The Beyond Blogging conference starts tomorrow: Tuesday, April 7 at 9am SLT. You really do not want to miss this. It should be very interesting and fun. Lots of good speakers lined up. I will be there for sure. There are some changes to the schedule and presenters since I posted this the other day. (Just look for IBM 9 on the map – you’ll find us there.)
Beyond Blogging: Schedule
Here is the lineup of events for the Beyond Blogging conference. All events will start at the Lotusphere Parcel on IBM 9.
09:00 PDT 12:00 EST Virtual Worlds Culture
10:00 PDT 13:00 EST Teaming in World of Warcraft
11:00 PDT 14:00 EST Stone Soup Stories
12:00 PDT 15:00 EST Roundtable: Achieving a Work/Life/Virtual Life balance
13:00 PDT 16:00 EST Roundtable: What’s in a Name?
14:00 PDT 17:00 EST Roundtable: Appearance Matters!
15:00 PDT 18:00 EST The Wonderful World of Colin Fizgig
16:00 PDT 19:00 EST Leaving a Virtual Legacy
17:00 PDT 20:00 EST Field Trip: Social Aspects of Virtual Worlds
02:00 PDT 05:00 EST 100 students interviews in a SL theater
05:00 PDT 08:00 EST Language Learning in Second Life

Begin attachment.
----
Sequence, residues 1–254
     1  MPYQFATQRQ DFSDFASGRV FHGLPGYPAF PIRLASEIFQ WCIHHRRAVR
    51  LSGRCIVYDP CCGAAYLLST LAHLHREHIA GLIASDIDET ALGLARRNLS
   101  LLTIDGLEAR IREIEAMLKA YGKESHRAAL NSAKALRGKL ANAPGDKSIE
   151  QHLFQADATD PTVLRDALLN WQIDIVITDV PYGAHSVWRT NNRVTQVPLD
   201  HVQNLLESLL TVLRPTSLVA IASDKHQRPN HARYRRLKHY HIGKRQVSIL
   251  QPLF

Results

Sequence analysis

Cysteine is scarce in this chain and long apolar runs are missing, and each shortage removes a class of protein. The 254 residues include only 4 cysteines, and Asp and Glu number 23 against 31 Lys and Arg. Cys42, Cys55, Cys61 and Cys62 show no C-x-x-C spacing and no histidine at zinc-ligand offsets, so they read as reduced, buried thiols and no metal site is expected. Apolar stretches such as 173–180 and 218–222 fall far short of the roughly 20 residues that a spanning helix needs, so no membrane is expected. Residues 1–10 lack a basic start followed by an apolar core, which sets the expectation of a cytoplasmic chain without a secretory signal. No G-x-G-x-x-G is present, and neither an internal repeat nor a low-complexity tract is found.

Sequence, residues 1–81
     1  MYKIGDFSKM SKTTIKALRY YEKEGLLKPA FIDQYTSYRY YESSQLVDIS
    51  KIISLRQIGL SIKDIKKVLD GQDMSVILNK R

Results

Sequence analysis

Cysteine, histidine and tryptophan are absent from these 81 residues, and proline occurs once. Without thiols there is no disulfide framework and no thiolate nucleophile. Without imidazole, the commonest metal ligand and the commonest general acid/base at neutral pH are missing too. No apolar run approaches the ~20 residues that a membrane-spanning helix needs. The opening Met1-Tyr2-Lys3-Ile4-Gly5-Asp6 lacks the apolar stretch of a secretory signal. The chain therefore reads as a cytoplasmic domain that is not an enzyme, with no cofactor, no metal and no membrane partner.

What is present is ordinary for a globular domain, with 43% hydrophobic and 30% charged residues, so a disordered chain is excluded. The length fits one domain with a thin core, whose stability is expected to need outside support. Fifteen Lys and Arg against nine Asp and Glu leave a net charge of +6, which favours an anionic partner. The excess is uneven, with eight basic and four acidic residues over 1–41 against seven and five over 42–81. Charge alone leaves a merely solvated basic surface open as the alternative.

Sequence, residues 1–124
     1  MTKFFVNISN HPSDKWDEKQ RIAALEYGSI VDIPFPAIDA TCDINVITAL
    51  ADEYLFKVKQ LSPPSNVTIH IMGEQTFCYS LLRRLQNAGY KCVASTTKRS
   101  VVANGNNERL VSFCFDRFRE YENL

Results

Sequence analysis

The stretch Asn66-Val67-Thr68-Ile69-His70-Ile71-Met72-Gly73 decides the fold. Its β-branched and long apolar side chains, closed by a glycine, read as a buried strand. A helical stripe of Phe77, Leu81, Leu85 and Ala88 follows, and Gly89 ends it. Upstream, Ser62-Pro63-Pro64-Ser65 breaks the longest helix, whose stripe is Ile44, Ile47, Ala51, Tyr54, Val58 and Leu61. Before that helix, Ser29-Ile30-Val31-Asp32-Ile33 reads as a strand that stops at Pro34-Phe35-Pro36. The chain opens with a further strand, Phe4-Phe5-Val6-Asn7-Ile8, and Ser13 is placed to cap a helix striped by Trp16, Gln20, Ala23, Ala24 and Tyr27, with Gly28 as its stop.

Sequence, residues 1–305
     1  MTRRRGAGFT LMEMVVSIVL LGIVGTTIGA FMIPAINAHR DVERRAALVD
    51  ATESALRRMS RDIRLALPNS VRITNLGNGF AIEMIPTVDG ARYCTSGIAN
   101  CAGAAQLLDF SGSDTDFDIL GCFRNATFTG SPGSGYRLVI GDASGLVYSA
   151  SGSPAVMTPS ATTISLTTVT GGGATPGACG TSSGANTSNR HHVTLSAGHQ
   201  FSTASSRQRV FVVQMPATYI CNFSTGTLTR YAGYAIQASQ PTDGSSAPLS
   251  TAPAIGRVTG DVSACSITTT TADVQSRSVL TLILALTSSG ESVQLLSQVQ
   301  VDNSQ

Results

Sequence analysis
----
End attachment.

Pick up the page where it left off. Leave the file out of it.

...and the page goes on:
08:00 PDT 11:00 EST Homesteading in the IBM Grid
09:00 PDT 12:00 EST Lessons Learned from IBM’s Academy of Technology Virtual Conferences
Opening General Session – Virtual Worlds Culture
7th April, 09:00 PDT / 12:00 EST
Virtual Worlds are more than just another medium for the exchange of information. Most of the venues we have for social interaction on the internet today, web pages, blogs, instant messaging, all revolve around the written word. Virtual worlds such as Second Life allow for user contribute content that spurs on social interaction in ways that are quite different from previous text driven interfaces.
Jessica Qin will open the conference with a discussion of this culture arising from Virtual Worlds.
Teaming in World of Warcraft
7th April, 10:00 PDT / 13:00 EST
Massively multiplayer online games, like any team environment, rely heavily on good communication and matched goals. Due to the lack of supervision by team leaders, organization and team identity are even more important. In teams who are geographically local, the team members can go to a dinner or some other event together. However, in a geographically dispersed team whose members are unlikely to ever meet face to face, these challenges have to be addressed differently.
Sasha Oliver speaks on the lessons she has learned to address virtual teaming through her experience leading a guild in World of Warcraft.